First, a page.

Desire is part of who we are. We all have desires. Desires to be succesful, desires to be loved, desires to be touched.
Many of us also struggle with voicing our desires. Perhaps because we fear that we are not worthy to have our desires met or perhaps because we fear what other people will think of us if we voiced our innermost desires.
To get around this fear most people have adopted different types of strategies, strategies designed to allow us voice or to act on our desires and to not be held responsible.
A friend of mine calls this the “alibi” something or someone that we can pass the buck to, something we can blame if our desires are not received well. It can be a party game that allows us to act out our desires and blame it on the game. Recently I have immersed myself in the student culture at the university of Lund. The most commonly used alibi at the various social events have been alcohol.
Now to be fair the alcohol culture in sweden, especially among young people is not very healthy. In sweden alcohol is often not consumed because of it’s taste, and sometimes not even for the social aspect, but with the goal of getting drunk. My guess is that getting drunk allows one to voice and act out hidden desires and in the event of that not landing well or going badly we can say: the alcohol made me do it, and avoid culpability.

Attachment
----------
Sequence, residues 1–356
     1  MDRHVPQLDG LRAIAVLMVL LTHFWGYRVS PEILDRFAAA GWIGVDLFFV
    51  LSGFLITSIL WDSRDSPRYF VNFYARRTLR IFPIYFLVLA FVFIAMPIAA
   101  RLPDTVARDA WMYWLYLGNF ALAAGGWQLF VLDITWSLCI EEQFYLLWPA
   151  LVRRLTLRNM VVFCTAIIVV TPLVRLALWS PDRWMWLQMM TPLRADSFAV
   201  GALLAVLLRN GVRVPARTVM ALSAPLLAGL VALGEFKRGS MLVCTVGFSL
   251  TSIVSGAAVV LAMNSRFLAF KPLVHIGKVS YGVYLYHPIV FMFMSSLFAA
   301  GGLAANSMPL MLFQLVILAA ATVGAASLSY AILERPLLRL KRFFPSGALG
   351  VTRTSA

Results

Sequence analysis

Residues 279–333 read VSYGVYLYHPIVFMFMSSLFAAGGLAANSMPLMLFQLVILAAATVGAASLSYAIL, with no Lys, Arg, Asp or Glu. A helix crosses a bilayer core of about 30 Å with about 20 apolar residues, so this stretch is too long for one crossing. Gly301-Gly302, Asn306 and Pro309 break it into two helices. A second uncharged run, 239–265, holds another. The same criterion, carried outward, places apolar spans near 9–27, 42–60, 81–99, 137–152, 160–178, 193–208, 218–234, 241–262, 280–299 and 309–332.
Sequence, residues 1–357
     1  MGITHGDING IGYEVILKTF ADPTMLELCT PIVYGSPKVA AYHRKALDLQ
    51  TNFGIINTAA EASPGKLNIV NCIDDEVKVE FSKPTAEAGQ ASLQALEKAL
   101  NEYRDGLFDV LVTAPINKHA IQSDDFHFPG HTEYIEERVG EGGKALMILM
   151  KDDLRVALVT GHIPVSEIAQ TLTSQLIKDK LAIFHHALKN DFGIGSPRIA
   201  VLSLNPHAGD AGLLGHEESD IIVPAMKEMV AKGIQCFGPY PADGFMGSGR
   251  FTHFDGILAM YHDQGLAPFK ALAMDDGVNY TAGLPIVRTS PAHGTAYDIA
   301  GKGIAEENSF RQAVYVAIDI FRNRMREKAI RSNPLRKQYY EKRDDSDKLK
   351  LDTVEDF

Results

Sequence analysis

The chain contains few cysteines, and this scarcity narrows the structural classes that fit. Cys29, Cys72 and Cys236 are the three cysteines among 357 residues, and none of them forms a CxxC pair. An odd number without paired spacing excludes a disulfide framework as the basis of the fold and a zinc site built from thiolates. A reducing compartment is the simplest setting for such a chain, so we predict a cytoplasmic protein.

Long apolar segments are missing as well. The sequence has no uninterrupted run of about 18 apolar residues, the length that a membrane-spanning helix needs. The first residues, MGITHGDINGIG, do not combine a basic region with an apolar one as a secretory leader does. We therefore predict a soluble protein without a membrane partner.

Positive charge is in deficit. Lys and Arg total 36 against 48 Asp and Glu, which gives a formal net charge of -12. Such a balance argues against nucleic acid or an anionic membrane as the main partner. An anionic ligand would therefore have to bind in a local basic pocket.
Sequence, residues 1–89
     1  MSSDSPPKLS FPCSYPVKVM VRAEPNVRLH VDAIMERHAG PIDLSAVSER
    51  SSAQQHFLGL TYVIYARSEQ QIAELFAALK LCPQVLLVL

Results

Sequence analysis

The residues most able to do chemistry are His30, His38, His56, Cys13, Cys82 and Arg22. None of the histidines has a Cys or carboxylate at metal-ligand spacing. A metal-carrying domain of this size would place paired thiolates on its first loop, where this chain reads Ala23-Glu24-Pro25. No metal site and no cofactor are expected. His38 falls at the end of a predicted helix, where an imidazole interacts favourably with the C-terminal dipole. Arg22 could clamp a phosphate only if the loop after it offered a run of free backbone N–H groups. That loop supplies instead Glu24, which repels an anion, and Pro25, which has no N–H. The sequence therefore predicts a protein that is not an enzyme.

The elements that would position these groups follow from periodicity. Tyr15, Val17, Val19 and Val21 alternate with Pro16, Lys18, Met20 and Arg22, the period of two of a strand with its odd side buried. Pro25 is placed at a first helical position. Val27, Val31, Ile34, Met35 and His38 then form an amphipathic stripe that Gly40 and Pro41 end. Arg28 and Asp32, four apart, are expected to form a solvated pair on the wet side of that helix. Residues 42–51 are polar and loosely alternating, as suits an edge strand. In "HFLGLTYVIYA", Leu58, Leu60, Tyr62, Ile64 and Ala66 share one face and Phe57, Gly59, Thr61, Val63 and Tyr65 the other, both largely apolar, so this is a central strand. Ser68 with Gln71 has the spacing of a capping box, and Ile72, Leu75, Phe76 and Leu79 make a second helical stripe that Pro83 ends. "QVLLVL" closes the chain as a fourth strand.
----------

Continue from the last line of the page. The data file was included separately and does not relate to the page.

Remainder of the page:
As human beings we all to often take this approach of setting up an alibi so that we can escape responsability, especially when it comes to our desires.
In the wildly popular TV-Show Lucifer (based on a character in Neil Gaiman’s Sandman) the devils superpower is to ask: “tell me what you really desire”, and get the deepest most honest answer. The thing is, as much as we would like to blame it on the devil, the alcohol or the game our desires are our own and nobody but ourselves can allow us to act upon them.
Wouldn’t it be much better if we could find a way not only to voice and act out our deepest desires in a sober state of mind (I am sure that more often than not, the outcome would be better) but also to own up to our desires.
If we could truly voice what we desire and act in accordance with those desires it may also allow us not to be so judgemental of others and their desires. I believe that most of our judgement of others desires is based on our own inability to voice and act out our own.
Why should it be the devil’s or the demons domain to lure our desires to the surface? Why should we have to hide behind games and or the haze of intoxication?
If we could state: this is my desire and afterwards when asked, I did it because it was what I desired, would it not allow us to walk with our heads high in our very own power?
Don’t wait for the devil or the partygame or anything else. Ask yourself today: What is my desire? Allow yourself the freedom to express that desire and see what happens. Maybe it will be realized sooner than you think.